Media Release: Educational outcomes for Edmontonians improve while racial and gender inequalities persist, says new ESPC report

November 16, 2020


Edmonton’s residents are better educated than before despite persistent racial and gender inequalities. Additionally, poverty continues to negatively impact too many families as their cost of living goes up and economic challenges persist.

That’s according to the 15th edition of Tracking the Trends, the flagship publication of the Edmonton Social Planning Council since 1989, which seeks to provide a comprehensive overview of Edmonton’s social well-being.

“More students are finishing high school, and more students are moving on to post-secondary education in universities, colleges, and technical institutes,” says Sydney Sheloff, Research Officer at the Edmonton Social Planning Council. “While this is an encouraging development, we need to be mindful of the challenges we face, particularly with the upheaval caused by the COVID-19 pandemic.”

Tracking the Trends helps policymakers, researchers, and the general public understand long- and medium-term trends to help us to contextualize our current situation. Challenges such as poverty, housing and homelessness, and maintaining strong public health and education will persist long after the virus has been eradicated.

Among the notable findings include the following:

Educational Outcomes Are Improving
High school completion rates continue to improve. In addition, they are also pursuing higher education more than ever.

  • The three-year high school completion rate for the Edmonton Public School Board improved by 18.1% from 57.0% in the 2000/01 school year to 75.1% in the 2017/18 school year.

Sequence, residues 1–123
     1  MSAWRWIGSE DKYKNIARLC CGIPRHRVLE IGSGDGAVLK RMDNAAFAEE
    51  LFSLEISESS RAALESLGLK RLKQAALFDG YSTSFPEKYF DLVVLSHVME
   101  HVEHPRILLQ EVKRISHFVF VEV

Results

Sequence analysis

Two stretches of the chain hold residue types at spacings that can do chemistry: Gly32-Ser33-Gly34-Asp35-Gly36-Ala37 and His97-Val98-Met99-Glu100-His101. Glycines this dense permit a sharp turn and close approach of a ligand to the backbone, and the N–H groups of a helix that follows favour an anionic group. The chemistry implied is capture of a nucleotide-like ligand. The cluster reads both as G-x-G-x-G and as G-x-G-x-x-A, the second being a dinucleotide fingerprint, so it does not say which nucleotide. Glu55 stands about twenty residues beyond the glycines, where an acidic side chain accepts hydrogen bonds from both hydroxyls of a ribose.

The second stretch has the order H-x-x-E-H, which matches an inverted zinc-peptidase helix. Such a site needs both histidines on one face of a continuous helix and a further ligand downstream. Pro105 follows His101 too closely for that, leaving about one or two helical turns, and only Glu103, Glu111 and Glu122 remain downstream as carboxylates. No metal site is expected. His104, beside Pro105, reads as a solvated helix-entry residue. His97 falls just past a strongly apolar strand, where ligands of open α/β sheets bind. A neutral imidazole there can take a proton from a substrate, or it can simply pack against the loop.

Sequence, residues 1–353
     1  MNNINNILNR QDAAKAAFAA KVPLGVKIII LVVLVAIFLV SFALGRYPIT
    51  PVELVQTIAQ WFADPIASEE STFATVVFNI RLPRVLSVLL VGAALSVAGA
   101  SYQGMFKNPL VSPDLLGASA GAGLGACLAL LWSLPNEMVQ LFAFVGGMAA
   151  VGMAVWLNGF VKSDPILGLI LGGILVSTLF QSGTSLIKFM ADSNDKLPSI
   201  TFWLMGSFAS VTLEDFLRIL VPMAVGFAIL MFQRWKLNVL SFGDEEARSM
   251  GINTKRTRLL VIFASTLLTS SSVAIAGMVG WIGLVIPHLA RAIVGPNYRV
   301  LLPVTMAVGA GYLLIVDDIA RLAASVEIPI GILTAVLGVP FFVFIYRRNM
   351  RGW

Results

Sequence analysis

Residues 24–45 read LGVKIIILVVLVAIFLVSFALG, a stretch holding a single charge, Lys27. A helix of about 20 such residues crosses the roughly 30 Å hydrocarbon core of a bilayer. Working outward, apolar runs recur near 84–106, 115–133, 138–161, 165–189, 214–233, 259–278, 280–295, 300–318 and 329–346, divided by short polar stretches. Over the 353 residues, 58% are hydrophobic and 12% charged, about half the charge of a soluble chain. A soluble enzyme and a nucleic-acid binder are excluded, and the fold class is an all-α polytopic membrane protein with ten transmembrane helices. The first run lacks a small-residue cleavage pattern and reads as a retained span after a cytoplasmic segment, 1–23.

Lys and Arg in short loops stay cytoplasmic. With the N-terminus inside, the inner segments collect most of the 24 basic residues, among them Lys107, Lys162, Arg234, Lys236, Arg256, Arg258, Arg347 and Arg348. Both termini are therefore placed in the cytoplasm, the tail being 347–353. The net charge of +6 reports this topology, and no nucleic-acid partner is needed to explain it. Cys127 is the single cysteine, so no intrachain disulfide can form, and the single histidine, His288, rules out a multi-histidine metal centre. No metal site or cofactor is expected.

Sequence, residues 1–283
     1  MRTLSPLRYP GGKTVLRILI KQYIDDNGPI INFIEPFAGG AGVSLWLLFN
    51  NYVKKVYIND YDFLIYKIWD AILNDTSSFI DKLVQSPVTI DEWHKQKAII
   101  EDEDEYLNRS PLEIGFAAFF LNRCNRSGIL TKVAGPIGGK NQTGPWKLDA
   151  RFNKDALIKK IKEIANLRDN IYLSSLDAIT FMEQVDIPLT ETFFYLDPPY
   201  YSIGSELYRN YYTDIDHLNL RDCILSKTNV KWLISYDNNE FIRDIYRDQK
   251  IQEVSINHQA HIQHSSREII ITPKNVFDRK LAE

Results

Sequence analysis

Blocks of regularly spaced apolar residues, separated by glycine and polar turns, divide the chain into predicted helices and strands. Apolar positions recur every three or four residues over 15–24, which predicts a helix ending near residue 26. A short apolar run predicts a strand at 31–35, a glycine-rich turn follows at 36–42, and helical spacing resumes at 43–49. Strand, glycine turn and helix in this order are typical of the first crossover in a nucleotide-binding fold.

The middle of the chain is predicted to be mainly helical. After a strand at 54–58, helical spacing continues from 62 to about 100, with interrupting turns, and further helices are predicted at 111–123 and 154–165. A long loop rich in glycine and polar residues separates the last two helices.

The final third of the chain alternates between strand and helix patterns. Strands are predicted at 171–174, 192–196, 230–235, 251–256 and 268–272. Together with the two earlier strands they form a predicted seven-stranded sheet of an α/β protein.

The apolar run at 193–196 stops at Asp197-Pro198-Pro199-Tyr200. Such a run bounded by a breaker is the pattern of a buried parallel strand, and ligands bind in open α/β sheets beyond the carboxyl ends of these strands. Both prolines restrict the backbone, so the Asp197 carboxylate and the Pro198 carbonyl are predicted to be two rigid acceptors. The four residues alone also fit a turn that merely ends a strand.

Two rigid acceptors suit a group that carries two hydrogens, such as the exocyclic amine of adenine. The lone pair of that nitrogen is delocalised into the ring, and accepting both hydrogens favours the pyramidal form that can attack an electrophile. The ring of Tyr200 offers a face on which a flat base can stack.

• For the Edmonton Catholic School District, it improved by 28.2% from 59.7% in the 2000/01 school year to 87.9% in the 2017/18 school year.
  • In the 2017/18 school year, 63.7% of students from Edmonton Public School Board enrolled in post-secondary education within six years of entering grade 10. This is up 13.5% from a rate of 50.2% in 2000/01.
  • In the 2017/18 school year, 71% of students from Edmonton Catholic Schools enrolled in post secondary education within six years of entering grade ten. This is up 18.3% from a rate of 52.7% in 2000/01.

Economic Picture Still Quite Rough

Economic Realities have been tough for many Edmontonians over the past few years.

  • Unemployment has slightly improved in 2019 to a rate of 7.3% compared to 8.1% in 2017.
  • In 2019, the number of people accessing EI has decreased to 17,435 (it was at a record high of 27,388 people in 2016). However, those who cannot find work after EI benefits expire will often access Alberta Works. As such, 2019 saw a record high 30,860 households receiving Alberta Works.
  • It’s not all bad… In 2019, 791,800 people in metro Edmonton were employed, and the economic participation rate was 72.0%.

Too Many Edmontonians Still Earn Below a Living Wage

Just looking at how many people are employed is not enough to understand the economic realities of Edmontonians. Many people in Edmonton are employed, but are not earning enough to make their needs and live in dignity.

  • From July 2017 until June 2018, 69,600 adults aged 20-44 made below a living wage (which as of 2019 is defined as $16.51 per hour for a family of four with two parents working full-time).

Inequalities Still Persist Among Women and Racialized People

Women continue to face inequality in terms of incomes and employment.